The Pareto Principle or 80/20 rule basically states that eighty percent of your energy or resources will be directed at twenty percent of your customers.
Here’s the rub: What if eighty percent of your energy is going toward making twenty percent of your most difficult clients happy? It is really worth your time?
What if you could let go of difficult clients and focus all that energy on clients who are far easier to please? Let’s talk about how to fire a difficult client and remain professional in the process.
Professional Break Up Artist:
It is possible to terminate a client. And, it might be the best decision you make for the health of your business. There are three things to keep in mind as you prepare to let a customer go.
- Review the contract and give adequate notice. Make sure you have held up your end of the bargain and give them enough notice to make other plans. You don’t want a reputation for leaving customers high and dry.
- Do it in-person, and be quick about it. As nice as it would be to send off a strongly worded email and wash your hands of the whole thing, it’s best to meet face to face. It shows them that you are a professional and you take what you do seriously. One of the best things you can do in this meeting, is to offer this person alternatives that steer them away from your business. And be clear about why you are no longer working for them.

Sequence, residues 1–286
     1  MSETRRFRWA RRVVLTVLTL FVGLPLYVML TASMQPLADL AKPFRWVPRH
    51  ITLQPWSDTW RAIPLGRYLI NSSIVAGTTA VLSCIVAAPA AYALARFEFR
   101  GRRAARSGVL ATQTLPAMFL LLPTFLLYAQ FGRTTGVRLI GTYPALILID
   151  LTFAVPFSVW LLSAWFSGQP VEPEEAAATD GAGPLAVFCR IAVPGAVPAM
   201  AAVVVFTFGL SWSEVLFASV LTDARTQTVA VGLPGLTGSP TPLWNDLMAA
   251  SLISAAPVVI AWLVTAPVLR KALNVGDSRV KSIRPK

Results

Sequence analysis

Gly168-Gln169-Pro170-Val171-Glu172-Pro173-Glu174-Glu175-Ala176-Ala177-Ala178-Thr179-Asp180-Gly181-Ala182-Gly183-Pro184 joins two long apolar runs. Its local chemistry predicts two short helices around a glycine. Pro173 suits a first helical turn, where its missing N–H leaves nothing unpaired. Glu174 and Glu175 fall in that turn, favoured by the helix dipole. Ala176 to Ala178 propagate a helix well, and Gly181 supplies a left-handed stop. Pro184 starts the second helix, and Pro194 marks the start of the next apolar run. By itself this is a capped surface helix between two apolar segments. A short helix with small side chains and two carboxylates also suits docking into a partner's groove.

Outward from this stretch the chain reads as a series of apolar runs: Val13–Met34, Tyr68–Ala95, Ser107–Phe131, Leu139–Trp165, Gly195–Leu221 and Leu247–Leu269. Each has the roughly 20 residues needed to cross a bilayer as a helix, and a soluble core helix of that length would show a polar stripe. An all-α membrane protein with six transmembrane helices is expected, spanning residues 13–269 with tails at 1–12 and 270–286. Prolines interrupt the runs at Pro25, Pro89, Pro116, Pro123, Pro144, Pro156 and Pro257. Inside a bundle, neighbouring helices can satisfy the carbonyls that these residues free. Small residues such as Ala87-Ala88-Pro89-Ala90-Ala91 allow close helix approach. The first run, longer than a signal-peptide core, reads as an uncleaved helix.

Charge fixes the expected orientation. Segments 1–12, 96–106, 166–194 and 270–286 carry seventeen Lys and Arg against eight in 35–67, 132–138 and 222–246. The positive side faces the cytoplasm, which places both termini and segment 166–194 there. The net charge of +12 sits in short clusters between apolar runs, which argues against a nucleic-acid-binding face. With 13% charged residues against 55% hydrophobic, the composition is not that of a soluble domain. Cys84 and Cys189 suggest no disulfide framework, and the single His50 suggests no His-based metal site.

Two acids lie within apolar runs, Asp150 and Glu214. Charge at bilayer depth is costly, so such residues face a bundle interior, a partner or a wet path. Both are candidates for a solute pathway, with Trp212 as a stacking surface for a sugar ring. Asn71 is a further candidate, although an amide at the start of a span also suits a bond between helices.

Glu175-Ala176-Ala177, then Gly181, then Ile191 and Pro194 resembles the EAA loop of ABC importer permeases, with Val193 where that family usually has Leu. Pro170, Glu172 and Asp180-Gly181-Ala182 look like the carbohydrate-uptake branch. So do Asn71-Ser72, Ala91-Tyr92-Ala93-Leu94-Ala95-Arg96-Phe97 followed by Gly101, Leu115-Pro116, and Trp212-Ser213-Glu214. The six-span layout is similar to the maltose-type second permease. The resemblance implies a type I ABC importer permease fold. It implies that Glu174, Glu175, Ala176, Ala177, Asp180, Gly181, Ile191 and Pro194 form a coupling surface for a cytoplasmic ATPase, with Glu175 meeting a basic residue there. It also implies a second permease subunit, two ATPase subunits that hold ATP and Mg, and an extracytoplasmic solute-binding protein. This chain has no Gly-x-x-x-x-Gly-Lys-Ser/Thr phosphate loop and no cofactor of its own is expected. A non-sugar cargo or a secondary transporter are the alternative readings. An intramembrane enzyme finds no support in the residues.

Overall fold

- Leave emotion out of it. When people and business mix, it’s easy to become wrapped up in angry, bitter, hurt feelings. You are making a business decision. Check your feelings at the door and hold onto your professional integrity.
Obviously, you’ll want to keep you last meeting brief. Again, don’t spend energy on customers that bleed you dry. You will find other clients. You really will.
Letting go of any client is a tough thing. I’ve learned this lesson the hard way. Actually, we spend time on these operations sorts of topics in our Business Operations Boot Camp. Sign up today. There is no need to learn the hard way!
Building the Best,